HATTIE B. HARRIS
HATTIE B. HARRIS
Prior to enlisting in the WAAC, I experienced a happy and productive life. A native of Paris, Missouri, I was the daughter of the late Grimsley and Susie Bell. I attended the Crispus Attucks School through the tenth grade. That was as far as the grades went for the “colored” students at that time. I graduated from Garfield High School in Mexico, Missouri.
The day Pearl Harbor was attacked, I was attending Western University in Quindro, Kansas. Later moving to Jacksonville, Illinois, I secured employment with a defense plant in Springfield, Illinois. After reading about the WAAC and being very adventurous, I decided to join. My family and friends were not very receptive to the idea.
I signed up in Springfield. When my orders to report to Fort Sheridan, Illinois arrived, I was very excited. I met a group of ladies in Chicago and we traveled together to Boston, Massachusetts by train, and from the station by bus to Fort Devens. Upon arrival we were greeted by officers, shown our barracks, issued G.I. clothing; some of which fit, and some of which did not.
An outstanding memory of basic training was lining up in alphabetical order for a series of shots. I was third in line. Being afraid of needles, it was an unforgettable experience. I was resentful of doing KP in the white mess hall, when they did not come to us. I had no problem learning to do things the Army way. The 47th M.P. Battalion was stationed nearby. A few of the soldiers stationed there were classmates from high school. As our barracks were near the Service Club, we were able to meet, enjoy conversation and dance. This made basic training much more enjoyable.
Being a country girl, I signed up for Motor Transport School. After Basic, I was transferred to Fort Des Moines, Iowa where I was assigned to training in Motor Transport School. Following this training, I was assigned to Fort Dix, New Jersey for a short period where I drove an ambulance. I was then sent to Hollorand General Hospital in Staten Island, New York. Upon arrival at Hollorand, we were greeted and assigned our barracks and to the Motor School. The barracks were heated by coal burning stoves. German Prisoners of War were assigned to take care of the stoves. When they entered the barracks, they would yell out, “A Man in the House!!”. The barracks was like a large happy family. I cannot remember if there was ever a misunderstanding between any of the women.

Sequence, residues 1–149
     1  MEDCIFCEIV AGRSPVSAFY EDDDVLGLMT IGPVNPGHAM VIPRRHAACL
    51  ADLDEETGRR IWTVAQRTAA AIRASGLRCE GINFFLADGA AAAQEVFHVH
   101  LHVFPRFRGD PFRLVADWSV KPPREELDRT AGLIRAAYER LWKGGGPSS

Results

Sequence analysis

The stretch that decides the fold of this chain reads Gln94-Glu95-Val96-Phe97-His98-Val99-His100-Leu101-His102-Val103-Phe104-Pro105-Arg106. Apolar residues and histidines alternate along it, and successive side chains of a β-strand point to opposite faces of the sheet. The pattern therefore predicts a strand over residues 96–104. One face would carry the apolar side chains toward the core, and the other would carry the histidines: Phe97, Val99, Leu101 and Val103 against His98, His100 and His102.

During the European invasion, I drove an ambulance. When the ship’s arrived with the wounded soldiers, we would being early evacuation of patients to airports, and pick up the wounded from the ship and transport them to Brentwood or Hollorand Hospitals. In between ship arrivals, I drove a linen truck from the hospital wards where the German Prisoner’s of War loaded the truck and then I would take the linen to the laundry. I also worked at the Gas Station as an attendant, and as a teletype operator at Western Union.
When my tour duty was completed, I received an honorable discharge at Fort Sheriden on January 21, 1946. I relocated to Jefferson City, Missouri where my mom, family and friends were happy to have me back with them. Using the GI Bill, I enrolled at Lincoln University. Later I returned to Springfield, Illinois where I was employed by the Illinois Commission on Children as Office Manager. I was the first and only Black in the office.
My experiences in the Army gave me the courage, support, strength, and confidence to survive all sorts of events in my life. For a number of years, I have lived in the Bronx, New York. I have been a volunteer at the Methodist Church Home for the Aged in Riverdale, New York where I served on the Board of Directors and was President of the Auxiliary. A community activist, I have been involved with many programs and events in leadership positions. I have been honored and won numerous awards and citations, one of which was the Community Service Award presented to me by the President of the Borough of the Bronx. I am a charter member of the NABMW and an active member of the Northeast Region where I have served as a member of the National Elections Committee. I thoroughly enjoy my association with my “sister soldiers” and attending our meetings and Reunions.
(This copy "was in her own words" from the HerStory book compiled by Gladys Shuster Carter.)